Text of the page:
AlarmManager / Android Wear / Notification / Notification.Builder / Notification.WearableExtender

Match Timer – Part 4

Previously in this series on developing Match Timer (for timing football matches on Android Wear) we’ve looked at the timing engine and the BroadcastReceiver which is used to register alarms and handle events both from those alarms and from user actions. In this article we’ll turn our attention to notifications which are the primary interface from the handlers in the BroadcastReceiver to the user.

matchtimerOn Wear Notifications are the primary mechanism for updating the user and providing easy access to that information, and that is very true of how Match Timer is implemented. During normal operation we will display a Notification which will show the number of minutes elapsed, but when the user swipes in to the notification, we want to display detailed time information with per-second accuracy, and all of this can be achieved via the Notification framework.

Notifications on Wear are based on standard Android Notifications, but there are some extensions for Wear which we can make really good use of. Forst let’s have a look at the NotificationBuilder code:

The first thing that we do is create a PendingIntent for our MatchTimerNotificationActivity which will contain the detailed, per-second accuracy Views. We then create a standard Notification.Builder and a Notification.WearableExtender (which is provided by the Wearable support library).

One thing that WearableExtender permits us to do is provide a custom background, so we add a graphic of a football field. We also set a Display Intent which is a really powerful feature of WearableExtender which allows us to display an Activity as part of our notification. When the device is asleep, of the watch-face Activity is active, then just a simple Notification title will be shown, but when the user swipes in to the notification, they will be shown our custom Activity sitting on top of the background graphic, with the Notification Icon showing:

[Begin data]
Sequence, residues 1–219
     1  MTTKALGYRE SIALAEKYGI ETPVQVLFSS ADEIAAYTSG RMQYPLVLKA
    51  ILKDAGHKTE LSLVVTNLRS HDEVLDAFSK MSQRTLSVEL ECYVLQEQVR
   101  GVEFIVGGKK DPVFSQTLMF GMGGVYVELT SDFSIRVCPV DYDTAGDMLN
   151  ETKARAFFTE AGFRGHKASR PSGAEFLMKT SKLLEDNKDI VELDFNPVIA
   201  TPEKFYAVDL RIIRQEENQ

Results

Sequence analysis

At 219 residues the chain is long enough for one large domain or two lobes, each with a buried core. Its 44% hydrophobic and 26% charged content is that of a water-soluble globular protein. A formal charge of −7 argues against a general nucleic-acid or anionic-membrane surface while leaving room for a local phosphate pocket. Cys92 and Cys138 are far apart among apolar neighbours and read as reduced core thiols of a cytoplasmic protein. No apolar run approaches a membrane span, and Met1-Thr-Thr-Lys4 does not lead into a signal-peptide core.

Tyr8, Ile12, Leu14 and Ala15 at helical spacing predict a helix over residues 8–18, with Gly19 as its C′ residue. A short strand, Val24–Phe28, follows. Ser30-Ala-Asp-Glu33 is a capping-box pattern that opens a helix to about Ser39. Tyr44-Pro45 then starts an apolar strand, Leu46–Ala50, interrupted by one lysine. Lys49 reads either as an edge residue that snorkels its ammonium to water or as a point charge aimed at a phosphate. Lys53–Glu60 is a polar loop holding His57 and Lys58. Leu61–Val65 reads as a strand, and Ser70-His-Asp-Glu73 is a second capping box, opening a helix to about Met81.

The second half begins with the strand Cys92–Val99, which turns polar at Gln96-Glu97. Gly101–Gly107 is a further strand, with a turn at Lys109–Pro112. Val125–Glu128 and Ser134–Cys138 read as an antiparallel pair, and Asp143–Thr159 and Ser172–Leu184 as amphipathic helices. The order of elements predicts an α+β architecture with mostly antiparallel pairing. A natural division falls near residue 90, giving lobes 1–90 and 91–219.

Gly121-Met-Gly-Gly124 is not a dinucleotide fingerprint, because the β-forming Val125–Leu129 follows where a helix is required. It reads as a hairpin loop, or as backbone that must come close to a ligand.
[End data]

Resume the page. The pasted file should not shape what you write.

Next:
matchtimer

Next we add some custom actions depending on the timer state. If it is paused we want to include Resume & Stop actions; if it is running we want to include Pause & Stop actions; and if it is stopped we want to include Start and Reset actions. These actions are added to WearableExtender and will each fire a broadcast which will be handled by MatchTimerReceiver that we looked at in the previous article in this series.

Next we set some standard Notification options for the Notification title (which will be our minute-accurate information), the icon, style, and whether the Notification is ongoing. I have chosen to make it an ongoing notification when the timer is running or paused to reduce the chance of the user accidentally dismissing it – it requires the timer to be stopped before the notification can be dismissed. That said, the timer is pretty robust because of its state being stored to SharedPreferences, and it even survives the device being restarted.

I have also choses to give the Notification MAX priority to try and ensure that it stays near the top of the Notification list to ensure that the user can get to it quickly while the timer is active.

In the next article we’ll take a look at MatchTimerNotificationActivity which displays our details timing information.

Match Timer is available on Google Play.


Get it on Google Play

© 2014, Mark Allison. All rights reserved.

CC BY-NC-SA 4.0 Match Timer – Part 4 by Styling Android is licensed under a Creative Commons Attribution-NonCommercial-ShareAlike 4.0 International License. Permissions beyond the scope of this license may be available at http://blog.stylingandroid.com/license-information.

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